Ageism Is No Laughing Matter

Ageism as a Personal Battle

Let’s start with my own aging concerns. When my gray hair started showing, fears of being seen as irrelevant and unwilling to change crept in. It’s one thing to be seen as being “old” by your grandkids, but it’s another to fear that mentality at work. Considering I work in senior living, I like to think our view of older workers is positive. But this isn’t so true in other places like Silicon Valley or local TV news where ageist employment practices are reported.

Many of my senior friends and family experience the same feelings of irrelevancy and exclusion from everyday events. I have a 94-year-old friend who is a delight to be with. She is smart and has a wicked sense of humor. She told me about attending a dinner party at the home of her son’s friends. After dinner, the younger generation retired to the living room and engaged in post-dinner conversation, leaving my friend and another older woman alone in the kitchen. The other woman noted that, “those kids have no idea what they are missing,” which crushed them both. Feeling left out and unwanted isn’t uncommon and they both admitted they received similar treatment in other situations, leading to loneliness and low self-esteem. Over time, those feelings can wreak havoc on overall health and well-being.

Ageism’s Roots in False Beliefs

The experience of ageism, no matter when we encounter it, has at its core the same false beliefs: older people have less value, are less relevant, and are riddled with debilitating health issues. These stereotypes are rampant and largely accepted in American society. In fact, they are fodder for advertisers, comedians, even the everyday person. Consider recent media treatments like this Chevy Super Bowl commercial that plays on the stereotype of older people as being hard of hearing and cranky. E-Trade’s commercial entitled “This is Getting Old” depicts older adults who are ridiculous characters who have to work because they need the money. Even Saturday Night Live gets into the act with their Amazon Echo Silver parody about how older adults interact with a voice-activated assistant.

I admit I have laughed at some of these, but when watched through the lens of ageism, they truly aren’t funny. Not all seniors are deaf. Why can’t an 80-year-old DJ in a night club? Many seniors enjoy using technology and smart devices. Imagine if we substituted another minority group for older adults—women, African Americans, or gender non-conforming. Not only would there be a giant backlash, but the humor would be lost.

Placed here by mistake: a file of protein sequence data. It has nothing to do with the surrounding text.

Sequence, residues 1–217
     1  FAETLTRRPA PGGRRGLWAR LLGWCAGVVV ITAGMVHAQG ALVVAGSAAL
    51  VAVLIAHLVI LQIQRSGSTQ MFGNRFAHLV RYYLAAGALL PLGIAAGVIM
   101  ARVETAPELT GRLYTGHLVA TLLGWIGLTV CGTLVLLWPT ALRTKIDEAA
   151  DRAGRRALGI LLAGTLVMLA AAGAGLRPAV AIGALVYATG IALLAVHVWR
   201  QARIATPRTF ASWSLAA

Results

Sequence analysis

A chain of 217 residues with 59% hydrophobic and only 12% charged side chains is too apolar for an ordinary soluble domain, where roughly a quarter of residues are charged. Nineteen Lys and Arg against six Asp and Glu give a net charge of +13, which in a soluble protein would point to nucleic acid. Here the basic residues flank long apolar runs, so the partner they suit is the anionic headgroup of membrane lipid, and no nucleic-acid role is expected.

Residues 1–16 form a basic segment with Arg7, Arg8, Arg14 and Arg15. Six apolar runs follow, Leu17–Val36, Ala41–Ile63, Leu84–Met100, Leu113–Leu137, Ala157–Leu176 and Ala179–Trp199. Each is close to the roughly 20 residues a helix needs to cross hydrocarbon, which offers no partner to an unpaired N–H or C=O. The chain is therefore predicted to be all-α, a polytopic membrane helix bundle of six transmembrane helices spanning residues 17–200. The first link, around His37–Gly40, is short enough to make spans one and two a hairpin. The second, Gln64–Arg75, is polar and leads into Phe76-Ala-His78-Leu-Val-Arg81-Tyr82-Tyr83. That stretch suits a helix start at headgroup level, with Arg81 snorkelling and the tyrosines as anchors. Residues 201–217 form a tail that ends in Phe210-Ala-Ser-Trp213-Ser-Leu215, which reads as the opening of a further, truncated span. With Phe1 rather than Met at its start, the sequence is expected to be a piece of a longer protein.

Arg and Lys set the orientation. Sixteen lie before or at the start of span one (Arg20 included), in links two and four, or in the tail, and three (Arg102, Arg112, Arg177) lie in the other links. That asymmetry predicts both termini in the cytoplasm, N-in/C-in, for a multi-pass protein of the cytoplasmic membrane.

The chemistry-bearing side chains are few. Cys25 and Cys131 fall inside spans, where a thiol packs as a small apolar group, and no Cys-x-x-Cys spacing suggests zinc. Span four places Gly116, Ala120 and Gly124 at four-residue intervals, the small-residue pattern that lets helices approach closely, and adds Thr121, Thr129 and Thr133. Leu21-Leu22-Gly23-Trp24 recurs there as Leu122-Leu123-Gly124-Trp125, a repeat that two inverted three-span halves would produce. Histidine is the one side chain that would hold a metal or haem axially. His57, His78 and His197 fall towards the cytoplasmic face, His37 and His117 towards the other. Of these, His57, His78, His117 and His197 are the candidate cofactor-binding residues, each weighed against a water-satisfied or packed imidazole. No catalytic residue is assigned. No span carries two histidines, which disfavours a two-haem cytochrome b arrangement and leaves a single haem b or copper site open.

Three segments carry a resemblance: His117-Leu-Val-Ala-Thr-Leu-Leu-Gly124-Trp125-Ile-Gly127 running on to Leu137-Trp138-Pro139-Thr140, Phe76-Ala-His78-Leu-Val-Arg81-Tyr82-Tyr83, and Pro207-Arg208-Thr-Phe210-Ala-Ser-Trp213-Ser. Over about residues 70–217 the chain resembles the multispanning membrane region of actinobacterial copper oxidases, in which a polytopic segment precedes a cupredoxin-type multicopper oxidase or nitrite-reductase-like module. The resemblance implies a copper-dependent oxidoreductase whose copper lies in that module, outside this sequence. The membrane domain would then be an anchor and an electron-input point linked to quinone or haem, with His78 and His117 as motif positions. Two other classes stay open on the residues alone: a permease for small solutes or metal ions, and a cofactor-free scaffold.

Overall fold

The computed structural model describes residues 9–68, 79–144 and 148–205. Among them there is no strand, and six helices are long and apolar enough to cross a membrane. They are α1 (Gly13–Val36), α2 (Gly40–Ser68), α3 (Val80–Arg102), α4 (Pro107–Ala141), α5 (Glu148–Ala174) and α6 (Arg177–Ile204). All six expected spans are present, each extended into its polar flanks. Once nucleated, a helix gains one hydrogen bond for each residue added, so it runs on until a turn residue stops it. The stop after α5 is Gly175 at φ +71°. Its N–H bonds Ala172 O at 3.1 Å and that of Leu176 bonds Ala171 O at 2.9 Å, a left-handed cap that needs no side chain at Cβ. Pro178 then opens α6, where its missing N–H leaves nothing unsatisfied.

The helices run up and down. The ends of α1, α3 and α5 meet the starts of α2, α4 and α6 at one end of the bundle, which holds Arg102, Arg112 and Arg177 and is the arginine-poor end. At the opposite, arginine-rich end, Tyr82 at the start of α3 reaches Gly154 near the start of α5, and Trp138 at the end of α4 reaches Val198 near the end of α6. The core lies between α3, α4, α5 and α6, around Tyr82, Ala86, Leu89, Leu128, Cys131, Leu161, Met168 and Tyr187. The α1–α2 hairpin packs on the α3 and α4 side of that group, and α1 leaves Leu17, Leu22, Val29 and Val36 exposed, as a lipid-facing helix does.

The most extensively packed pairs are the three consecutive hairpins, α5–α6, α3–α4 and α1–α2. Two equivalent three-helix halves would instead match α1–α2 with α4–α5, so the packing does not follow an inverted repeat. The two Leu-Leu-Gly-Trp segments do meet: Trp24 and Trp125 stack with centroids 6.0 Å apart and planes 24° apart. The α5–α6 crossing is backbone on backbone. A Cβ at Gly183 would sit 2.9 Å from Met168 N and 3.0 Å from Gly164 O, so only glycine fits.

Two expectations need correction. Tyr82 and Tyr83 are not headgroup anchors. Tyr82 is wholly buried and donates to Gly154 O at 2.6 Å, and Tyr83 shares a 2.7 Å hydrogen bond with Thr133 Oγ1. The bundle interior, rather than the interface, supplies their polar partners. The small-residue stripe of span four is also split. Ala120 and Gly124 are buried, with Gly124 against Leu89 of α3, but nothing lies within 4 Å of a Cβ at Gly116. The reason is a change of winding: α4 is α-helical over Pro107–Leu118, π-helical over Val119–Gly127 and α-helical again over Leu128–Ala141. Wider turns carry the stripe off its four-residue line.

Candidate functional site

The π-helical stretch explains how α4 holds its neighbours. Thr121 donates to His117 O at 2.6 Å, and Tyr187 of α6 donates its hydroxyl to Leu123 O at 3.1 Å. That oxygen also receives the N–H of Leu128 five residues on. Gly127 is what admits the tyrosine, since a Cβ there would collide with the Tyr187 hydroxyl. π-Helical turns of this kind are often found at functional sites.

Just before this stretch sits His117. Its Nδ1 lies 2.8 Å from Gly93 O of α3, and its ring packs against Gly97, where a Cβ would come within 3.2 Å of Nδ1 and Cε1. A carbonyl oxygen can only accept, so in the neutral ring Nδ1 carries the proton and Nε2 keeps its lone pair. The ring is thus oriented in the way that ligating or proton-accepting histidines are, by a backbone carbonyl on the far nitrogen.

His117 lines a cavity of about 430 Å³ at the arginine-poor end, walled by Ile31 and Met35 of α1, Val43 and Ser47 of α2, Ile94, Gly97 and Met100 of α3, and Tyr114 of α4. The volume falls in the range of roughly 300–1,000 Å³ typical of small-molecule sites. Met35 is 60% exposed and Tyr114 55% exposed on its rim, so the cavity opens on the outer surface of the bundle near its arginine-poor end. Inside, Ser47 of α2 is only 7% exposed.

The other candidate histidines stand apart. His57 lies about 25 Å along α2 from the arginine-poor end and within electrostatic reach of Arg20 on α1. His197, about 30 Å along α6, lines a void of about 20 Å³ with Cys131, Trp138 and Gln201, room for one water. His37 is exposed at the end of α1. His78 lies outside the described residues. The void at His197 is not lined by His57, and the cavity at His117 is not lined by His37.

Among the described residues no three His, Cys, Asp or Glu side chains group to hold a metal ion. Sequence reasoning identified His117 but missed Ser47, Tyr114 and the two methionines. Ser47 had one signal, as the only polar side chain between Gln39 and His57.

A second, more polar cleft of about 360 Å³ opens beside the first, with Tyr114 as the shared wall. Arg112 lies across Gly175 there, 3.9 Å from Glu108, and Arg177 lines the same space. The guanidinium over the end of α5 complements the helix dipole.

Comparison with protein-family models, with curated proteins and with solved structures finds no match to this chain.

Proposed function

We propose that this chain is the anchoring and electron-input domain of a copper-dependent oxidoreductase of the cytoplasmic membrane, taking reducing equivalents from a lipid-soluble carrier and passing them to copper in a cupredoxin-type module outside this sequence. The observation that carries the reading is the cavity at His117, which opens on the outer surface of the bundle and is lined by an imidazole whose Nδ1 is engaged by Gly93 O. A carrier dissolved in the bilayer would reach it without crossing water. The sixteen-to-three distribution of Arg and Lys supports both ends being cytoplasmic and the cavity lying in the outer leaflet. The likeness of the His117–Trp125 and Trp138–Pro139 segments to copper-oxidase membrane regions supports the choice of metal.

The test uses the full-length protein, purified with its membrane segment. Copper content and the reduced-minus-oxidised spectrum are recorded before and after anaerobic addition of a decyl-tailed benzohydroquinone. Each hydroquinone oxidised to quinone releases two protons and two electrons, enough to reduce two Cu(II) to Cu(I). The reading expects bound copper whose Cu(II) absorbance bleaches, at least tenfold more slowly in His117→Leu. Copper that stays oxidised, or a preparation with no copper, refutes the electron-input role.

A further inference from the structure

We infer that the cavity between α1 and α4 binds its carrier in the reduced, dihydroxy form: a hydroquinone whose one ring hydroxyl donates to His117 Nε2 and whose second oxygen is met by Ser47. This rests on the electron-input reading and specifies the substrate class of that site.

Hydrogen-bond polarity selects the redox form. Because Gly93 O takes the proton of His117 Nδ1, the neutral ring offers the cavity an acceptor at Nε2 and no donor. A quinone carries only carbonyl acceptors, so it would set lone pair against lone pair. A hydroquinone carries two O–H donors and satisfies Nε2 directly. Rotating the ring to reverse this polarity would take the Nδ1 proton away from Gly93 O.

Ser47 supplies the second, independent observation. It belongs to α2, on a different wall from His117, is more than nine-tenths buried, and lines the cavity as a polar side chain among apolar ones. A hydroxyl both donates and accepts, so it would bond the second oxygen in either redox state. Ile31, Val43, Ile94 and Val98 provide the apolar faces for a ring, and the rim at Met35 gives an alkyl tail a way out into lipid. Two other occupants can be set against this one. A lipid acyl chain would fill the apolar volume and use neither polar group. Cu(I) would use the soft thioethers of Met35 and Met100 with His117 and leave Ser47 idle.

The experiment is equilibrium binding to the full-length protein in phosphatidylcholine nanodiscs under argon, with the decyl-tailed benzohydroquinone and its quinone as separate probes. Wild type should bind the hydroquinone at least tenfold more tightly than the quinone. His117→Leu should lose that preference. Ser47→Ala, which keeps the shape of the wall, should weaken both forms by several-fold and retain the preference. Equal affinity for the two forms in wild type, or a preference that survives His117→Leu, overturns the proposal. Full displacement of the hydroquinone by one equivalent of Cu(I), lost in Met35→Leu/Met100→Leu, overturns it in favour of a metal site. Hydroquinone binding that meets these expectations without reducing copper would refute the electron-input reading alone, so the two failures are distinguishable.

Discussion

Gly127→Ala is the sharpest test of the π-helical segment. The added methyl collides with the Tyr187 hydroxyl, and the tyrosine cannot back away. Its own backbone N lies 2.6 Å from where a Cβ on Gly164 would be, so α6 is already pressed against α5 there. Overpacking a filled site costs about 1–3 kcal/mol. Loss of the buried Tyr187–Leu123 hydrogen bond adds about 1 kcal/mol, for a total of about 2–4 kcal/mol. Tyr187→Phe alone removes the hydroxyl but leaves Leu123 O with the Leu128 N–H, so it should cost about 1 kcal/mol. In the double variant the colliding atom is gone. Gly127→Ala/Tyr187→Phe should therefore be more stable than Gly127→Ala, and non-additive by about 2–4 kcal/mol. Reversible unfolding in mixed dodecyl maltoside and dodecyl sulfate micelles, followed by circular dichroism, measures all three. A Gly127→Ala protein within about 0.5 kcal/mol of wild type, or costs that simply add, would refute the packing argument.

Ageism’s Effects on Health

In her book This Chair Rocks, famed ageism activist Ashton Applewhite says that ageism is prejudice against our future selves. Ageism is not only wrong for human dignity, but it is also bad for all of us as individuals. Research shows that those who have a negative view of aging are less healthy as they age.

The healthcare industry isn’t immune. According to the American Society on Aging, ageism in healthcare puts older adults at risk of under treatment. Physicians often have a, “If you’ve seen one 85 year old, you’ve seen all 85-year-olds” attitude that suggests a lack of individualized care and attention. Many doctors treat (or don’t treat) patients based on chronological age only and may discount symptoms as being just a normal part of aging.

Becoming Part of the Solution

I believe that the first step for all of us is an awakening to the prevalence of ageism in our culture, even in ourselves. To awaken is to become suddenly aware of something. Awareness leads to action. When you hear an ageist remark, refuse to let it go. Write to editors and advertisers if you see something ageist.

And for heaven’s sake stop laughing at ageism. Your future (or current) self will thank you.

Be well on purpose!

 

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